SUMMARY OF THE INVENTION The general purpose of this invention is to provide a solid state alarm annunciator circuit which possesses the advantages of similarly employed alarm annunciators and yet does not possess the aforesaid disadvantages. To attain this, the present invention utilizes a unique circuit combination of a three terminal current controlled device, such as a silicon controlled rectifier, together with input and output digital logic circuitry. in this novel circuit combination, a single control device, such as an SCR, and a single lamp may be used to provide both continuous and intermittently flashing alarm indications in the alarm annunciator circuitry. Therefore, an object of the present invention is to provide a new and improved inexpensive solid-state alarm annunciator capable of providing sustained intermittent or steady-state visible or audible alarm indications.
Another object of this invention is to provide a new and improved alarm annunciator which may be first triggered by an abnormal condition to an intermittent operating state, and then switched to a steady acknowledgement state by an operator and maintained in a steady-state mode until the abnormal condition has been corrected.
Still another object of the present invention is to provide multiple alarm indications in an alarm annunciator circuit which utilizes, inter alia, only a single bistable device and a single lamp.
BRIEF DESCRIPTION OF THE INVENTION The above objects of the present invention are achieved by providing alarm annunciator circuitry including a three terminal, solid-state unidirectional current controlled device, such as a silicon controlled rectifier (SCR). The SCR is conductively controlled by input logic circuitry which receives an alarm switching signal, and the SCR is further connected to output drive logic circuitry in such a manner that the conductive state of the single SCR controls both the intermittent flashing and constant level lighting of a single lamp in the display portion of the annunciator circuitry. A first gating means in the output drive logic circuitry responds to both clock and SCR output signals to provide a periodic control potential in the display portion of the annunciator. A second gate means within the output drive logic circuitry responds to both input logic circuit and SCR output signals to provide a steady state control potential to the display portion of the alarm annunciator. Thus, in both its conductive and nonconductive condition, the SCR controls an alarm indicating lamp in the display portion of the annunciator. Advantageously, an acknowledge switch is connected between the SCR cathode and a point of reference potential, and this switch may be used to acknowledge an initial alarm condition for multiple SCRs, each in a different channel having the same or similar alarm annunciator circuit to be further described.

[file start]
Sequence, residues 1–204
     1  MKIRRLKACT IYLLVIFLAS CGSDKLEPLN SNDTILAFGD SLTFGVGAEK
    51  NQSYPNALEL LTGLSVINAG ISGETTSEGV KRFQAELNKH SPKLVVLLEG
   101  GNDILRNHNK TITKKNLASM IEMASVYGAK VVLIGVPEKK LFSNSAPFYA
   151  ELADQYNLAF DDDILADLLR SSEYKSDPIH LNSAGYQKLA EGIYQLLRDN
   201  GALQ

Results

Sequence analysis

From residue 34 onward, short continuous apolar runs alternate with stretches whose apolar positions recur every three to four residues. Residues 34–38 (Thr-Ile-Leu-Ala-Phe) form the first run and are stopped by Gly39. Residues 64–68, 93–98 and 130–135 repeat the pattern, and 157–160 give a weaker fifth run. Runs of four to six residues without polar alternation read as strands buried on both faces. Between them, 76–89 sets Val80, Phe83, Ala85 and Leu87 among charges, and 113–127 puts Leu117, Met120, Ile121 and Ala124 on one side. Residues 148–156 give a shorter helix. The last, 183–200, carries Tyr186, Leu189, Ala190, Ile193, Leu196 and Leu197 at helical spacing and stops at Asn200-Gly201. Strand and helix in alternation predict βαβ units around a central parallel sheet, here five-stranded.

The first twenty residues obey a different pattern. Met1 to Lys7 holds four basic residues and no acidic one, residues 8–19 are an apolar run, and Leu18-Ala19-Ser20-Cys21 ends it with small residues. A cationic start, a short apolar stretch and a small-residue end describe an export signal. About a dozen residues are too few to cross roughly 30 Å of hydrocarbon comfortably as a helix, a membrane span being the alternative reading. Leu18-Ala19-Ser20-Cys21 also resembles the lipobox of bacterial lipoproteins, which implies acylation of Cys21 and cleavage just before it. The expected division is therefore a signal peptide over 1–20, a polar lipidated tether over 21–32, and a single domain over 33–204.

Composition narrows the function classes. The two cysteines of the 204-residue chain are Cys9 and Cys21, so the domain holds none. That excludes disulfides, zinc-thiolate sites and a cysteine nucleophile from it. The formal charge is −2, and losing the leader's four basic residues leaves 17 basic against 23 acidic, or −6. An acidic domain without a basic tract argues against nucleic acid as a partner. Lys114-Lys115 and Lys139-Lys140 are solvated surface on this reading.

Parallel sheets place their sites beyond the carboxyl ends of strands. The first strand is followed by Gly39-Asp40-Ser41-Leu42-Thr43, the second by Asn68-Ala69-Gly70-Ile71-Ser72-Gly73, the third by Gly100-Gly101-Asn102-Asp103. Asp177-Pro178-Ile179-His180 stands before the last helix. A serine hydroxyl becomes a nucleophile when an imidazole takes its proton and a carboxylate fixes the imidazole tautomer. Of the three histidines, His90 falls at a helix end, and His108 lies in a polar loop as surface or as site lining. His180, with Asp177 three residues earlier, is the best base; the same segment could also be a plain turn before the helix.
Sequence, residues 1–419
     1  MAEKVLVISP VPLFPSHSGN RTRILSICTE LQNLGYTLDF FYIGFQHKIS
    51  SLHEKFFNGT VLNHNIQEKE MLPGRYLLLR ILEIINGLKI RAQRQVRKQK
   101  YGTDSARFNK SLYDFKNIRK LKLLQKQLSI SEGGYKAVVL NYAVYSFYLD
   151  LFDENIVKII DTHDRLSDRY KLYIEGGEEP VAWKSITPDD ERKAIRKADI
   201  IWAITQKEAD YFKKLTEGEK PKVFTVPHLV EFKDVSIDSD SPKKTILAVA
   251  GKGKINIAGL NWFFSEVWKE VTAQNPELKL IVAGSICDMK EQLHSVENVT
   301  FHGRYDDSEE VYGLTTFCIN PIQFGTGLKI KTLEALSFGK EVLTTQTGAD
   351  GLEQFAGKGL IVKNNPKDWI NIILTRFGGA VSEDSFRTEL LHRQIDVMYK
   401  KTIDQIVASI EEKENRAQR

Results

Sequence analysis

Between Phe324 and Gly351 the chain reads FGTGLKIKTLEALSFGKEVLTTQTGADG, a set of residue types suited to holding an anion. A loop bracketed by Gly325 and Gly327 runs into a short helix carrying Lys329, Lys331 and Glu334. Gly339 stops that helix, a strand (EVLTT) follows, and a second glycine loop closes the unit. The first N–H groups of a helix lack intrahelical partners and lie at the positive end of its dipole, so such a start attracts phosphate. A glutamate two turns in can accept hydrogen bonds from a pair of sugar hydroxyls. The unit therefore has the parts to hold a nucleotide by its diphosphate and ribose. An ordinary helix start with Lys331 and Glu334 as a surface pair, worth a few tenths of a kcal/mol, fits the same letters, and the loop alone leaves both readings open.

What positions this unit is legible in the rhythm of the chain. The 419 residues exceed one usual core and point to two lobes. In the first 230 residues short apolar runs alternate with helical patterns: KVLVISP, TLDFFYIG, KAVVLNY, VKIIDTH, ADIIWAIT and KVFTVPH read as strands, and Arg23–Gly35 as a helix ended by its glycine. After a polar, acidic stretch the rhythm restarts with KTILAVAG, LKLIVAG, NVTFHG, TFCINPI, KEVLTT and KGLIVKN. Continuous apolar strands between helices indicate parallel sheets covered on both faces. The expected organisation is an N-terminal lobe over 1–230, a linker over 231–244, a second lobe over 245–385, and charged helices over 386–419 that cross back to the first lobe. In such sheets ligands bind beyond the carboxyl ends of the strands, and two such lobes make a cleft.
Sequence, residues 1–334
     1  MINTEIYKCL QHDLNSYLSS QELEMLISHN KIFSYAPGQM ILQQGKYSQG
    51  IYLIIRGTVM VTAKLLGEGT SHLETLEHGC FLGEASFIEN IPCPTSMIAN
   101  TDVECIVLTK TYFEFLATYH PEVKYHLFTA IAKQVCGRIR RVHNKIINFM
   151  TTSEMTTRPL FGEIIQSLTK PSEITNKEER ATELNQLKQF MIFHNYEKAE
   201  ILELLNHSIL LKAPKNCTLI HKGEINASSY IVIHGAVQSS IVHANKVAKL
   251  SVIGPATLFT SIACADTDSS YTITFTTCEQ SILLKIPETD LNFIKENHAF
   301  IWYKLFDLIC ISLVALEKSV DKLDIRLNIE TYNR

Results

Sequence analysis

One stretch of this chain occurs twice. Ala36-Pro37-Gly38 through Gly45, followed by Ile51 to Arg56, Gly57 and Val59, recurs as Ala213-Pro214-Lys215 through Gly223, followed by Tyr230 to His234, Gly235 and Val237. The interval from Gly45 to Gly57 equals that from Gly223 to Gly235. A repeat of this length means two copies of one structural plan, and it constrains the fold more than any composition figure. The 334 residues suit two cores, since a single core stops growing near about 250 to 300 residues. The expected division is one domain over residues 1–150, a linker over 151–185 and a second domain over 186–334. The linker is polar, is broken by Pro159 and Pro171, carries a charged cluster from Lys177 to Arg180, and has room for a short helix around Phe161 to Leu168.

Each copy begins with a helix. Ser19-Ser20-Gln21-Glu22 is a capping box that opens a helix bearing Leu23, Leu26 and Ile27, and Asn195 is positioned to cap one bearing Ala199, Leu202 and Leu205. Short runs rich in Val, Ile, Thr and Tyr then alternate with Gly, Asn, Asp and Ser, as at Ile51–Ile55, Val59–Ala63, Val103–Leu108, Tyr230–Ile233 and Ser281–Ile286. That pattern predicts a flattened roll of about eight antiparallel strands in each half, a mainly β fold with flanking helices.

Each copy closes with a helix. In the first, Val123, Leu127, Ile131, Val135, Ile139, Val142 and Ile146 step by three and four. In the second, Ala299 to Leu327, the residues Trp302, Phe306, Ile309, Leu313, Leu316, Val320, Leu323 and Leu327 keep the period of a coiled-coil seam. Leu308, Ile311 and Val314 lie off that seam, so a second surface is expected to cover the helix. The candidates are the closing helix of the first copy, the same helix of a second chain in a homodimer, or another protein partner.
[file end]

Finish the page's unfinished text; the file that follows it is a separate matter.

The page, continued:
The above brief description as well as the objects and features of this invention will become more fully apparent in the following description of the accompanying drawings.
DRAWINGS FIG. 1 is a block diagram representation of an embodiment of the present invention, and
FIG. 2 is a circuit diagram of the invention corresponding to FIG. 1. FIG. 2 is partially schematic and partially functional in form, and like reference numerals have been used in FIGS. 1 and 2 to designate corresponding portions of these two figures. DETAILED DESCRIPTION OF THE lNVENTlON Referring to H68. 1 and 2 in detail, there is shown input logic circuitry for receiving one or more alarm input signals on the input connection designated generally as 813 and responsive thereto to generate an output logic signal which is applied both as an input signal via conductor 14 to a memory element 16 and also as one input to the output drive logic circuitry 20. The output drive logic circuitry 20 includes first and second gate means to be described in more detail below with reference to FIG. 2. The first gate means is responsive to a signal from the SCR memory element 16 for generating a first control potential on output conductor 22. This first, periodic control potential provides an intermittent flashing control of the lamp and lamp driver display circuitry 24, with the flashing frequency being controlled by the free running clock w. After acknowledgement of the alarm condition indicated by the intermittent flashing of a lamp in the display circuitry 24, the combination of the potentials then existing on conductors l2 and i8 and applied to a second gate means within the output drive logic circuitry 20 generates a second control potential on output conductor 22. This second control potential is applied to the input of the lamp and lamp driver 24 as a steady state bias voltage for energizing the lamp and lamp driver circuitry 24 as long as the alarm condition exists.